The skill that has NFL scouts intrigued about top QB prospect Drew Lock: basketball

MOBILE, Ala. – During the fall of 2013, Wichita State basketball coach Gregg Marshall and assistant Steve Forbes made an unusual recruiting visit. They stopped at Lee’s Summit High School in the suburbs of Kansas City to watch a football practice.

The Shockers coaching staff had become smitten with a wing player named Drew Lock, who was in his junior season. Neither Forbes nor Marshall have more experience scouting football than with their remote controls, but both quickly realized they were wasting their time.

“I’m no Mel Kiper Jr., but I watched him throw a missile like 40 yards,” Forbes recalled with a laugh in a recent phone interview. “I’m like, ‘This boy ain’t playing no basketball.’ ”

Drew Lock is one of nine quarterbacks at Senior Bowl trying to get a leg up on the NFL draft class of 2019. (Getty Images)
Drew Lock is one of nine quarterbacks at Senior Bowl trying to get a leg up on the NFL draft class of 2019. (Getty Images)

He walked back up from the practice field where Marshall was chatting with the Lee’s Summit basketball coach. He told Marshall they should leave. Marshall was perplexed, until he went down and saw the same thing.

In Wichita basketball lore, Marshall declared after watching a few spirals: “He throws like Brady.” Marshall didn’t remember the comparison, but knew that Lock was a lock to play football.

“I knew the way the ball came out of his hand,” Marshall told Yahoo Sports, “that he’d be tossing a pigskin.”

Lock committed to play football at Missouri a few months later, a wise decision that led to him being a four-year starter, three-year captain and setting the SEC single-season record with 44 touchdown passes as a junior. But his high-level basketball background has resurfaced at the Senior Bowl this week. It’s a trait that scouts adore about his background, as it’s often the first thing they mention about his background.

Lock had high-major hoops offers out of high school – Oklahoma, Missouri and Wichita State – and that caliber of athleticism showcased by his two-sport ability is a huge plus for scouts.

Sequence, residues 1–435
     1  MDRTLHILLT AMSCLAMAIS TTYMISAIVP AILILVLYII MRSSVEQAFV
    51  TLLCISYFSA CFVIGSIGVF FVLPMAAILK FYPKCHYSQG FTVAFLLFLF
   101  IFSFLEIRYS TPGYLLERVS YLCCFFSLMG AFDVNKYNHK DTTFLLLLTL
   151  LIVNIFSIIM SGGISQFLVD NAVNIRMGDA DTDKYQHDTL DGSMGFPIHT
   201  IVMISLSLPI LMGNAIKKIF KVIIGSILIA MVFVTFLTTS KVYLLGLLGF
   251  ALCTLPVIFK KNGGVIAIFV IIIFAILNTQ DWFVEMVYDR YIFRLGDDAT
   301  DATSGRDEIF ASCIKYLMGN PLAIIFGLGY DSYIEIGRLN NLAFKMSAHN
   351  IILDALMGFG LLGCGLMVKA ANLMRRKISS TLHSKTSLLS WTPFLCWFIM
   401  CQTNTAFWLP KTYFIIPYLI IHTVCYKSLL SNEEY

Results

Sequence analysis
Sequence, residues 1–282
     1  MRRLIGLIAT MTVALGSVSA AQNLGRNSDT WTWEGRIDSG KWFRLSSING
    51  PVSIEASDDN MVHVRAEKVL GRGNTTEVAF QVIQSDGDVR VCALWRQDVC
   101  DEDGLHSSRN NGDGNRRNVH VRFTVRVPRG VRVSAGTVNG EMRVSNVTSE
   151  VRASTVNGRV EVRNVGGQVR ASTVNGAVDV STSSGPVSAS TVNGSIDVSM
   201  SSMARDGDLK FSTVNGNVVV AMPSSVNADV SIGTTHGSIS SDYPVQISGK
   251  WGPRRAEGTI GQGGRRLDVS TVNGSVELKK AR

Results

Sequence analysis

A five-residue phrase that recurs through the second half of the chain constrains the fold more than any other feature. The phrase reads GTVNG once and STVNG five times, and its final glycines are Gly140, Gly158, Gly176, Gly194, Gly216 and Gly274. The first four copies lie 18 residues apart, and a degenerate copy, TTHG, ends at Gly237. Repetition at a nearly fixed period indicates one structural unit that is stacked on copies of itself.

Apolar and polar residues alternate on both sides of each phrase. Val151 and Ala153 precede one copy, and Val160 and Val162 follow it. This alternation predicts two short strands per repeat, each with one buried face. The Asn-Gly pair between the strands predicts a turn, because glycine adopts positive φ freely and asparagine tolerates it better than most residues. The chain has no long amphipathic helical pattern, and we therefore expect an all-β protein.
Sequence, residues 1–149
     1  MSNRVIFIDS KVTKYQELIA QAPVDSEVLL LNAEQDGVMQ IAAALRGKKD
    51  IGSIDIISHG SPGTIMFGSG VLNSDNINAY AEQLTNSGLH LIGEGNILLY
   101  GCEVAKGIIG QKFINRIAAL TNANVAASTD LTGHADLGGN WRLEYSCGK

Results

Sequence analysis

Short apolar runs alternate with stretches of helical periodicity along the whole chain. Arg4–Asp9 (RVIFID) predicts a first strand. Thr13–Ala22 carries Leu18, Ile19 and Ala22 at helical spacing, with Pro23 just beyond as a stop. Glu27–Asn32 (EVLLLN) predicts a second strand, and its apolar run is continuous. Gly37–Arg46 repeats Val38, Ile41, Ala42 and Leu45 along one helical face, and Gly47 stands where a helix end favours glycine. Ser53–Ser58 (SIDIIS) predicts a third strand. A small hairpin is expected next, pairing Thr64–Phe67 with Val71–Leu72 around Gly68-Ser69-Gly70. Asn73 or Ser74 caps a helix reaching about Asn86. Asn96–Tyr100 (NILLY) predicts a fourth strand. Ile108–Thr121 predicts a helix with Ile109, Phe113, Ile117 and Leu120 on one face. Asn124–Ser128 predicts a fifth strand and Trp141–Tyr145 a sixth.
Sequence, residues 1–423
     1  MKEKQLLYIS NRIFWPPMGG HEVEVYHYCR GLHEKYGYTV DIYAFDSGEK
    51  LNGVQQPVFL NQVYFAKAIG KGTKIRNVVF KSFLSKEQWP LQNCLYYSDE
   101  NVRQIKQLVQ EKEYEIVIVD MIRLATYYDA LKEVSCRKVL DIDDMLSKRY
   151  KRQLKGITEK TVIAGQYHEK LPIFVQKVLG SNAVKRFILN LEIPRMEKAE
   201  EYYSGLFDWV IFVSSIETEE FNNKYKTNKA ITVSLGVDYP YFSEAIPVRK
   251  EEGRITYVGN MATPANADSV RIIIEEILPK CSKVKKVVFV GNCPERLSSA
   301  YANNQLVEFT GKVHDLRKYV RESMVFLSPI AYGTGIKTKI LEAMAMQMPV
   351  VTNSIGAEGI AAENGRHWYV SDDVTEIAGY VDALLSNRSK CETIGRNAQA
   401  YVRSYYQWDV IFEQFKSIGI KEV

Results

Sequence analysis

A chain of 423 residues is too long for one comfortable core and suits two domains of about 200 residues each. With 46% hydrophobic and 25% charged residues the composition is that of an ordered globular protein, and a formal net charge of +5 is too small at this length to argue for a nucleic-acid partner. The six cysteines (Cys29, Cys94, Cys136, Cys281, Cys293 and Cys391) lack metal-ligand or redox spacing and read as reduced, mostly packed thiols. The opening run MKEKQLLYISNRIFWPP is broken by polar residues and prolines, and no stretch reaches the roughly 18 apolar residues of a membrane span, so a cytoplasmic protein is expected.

“It really made me the athlete that I am today,” Lock said about his basketball background in Mobile this week. “As far as seeing the court, it’s kind of the same thing. You have to see the football field and be a facilitator.”

Lock finds himself amid a compelling quarterback derby this week at the Senior Bowl. With nine quarterbacks here showcasing themselves in front of the scouting staffs of the 32 NFL teams, he’s considered a strong candidate to solidify himself further as a first-round pick. He’s playing for Raiders coach Jon Gruden, who has three first-round picks and an established affinity for new blood.

Helping his first-round cause are his years playing for KC Run GMC, a top Kansas City based AAU program. He competed against Phoenix Suns former No. 4 pick Josh Jackson and Oklahoma City’s Terrance Ferguson, another first-round pick. At Lee’s Summit he averaged 18 points, eight rebounds and didn’t enroll early at Missouri in order to finish his high school hoops career.

How good of a baller was he? He reminded former Shocker assistant Chris Jans of Ron Baker, the former Wichita star who led the team to the Final Four and played for the New York Knicks and Washington Wizards in the NBA. Lock didn’t display overwhelming athleticism, but he showed an innate presence on the court that impressed those who evaluated him in hoops.